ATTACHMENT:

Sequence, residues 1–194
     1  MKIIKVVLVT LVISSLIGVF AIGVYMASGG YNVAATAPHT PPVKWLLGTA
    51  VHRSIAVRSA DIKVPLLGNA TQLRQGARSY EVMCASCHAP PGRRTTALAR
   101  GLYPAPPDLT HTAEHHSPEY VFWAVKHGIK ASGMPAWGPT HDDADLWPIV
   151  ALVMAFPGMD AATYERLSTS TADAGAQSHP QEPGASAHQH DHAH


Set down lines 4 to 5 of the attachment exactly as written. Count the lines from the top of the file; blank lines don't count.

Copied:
   101  GLYPAPPDLT HTAEHHSPEY VFWAVKHGIK ASGMPAWGPT HDDADLWPIV
   151  ALVMAFPGMD AATYERLSTS TADAGAQSHP QEPGASAHQH DHAH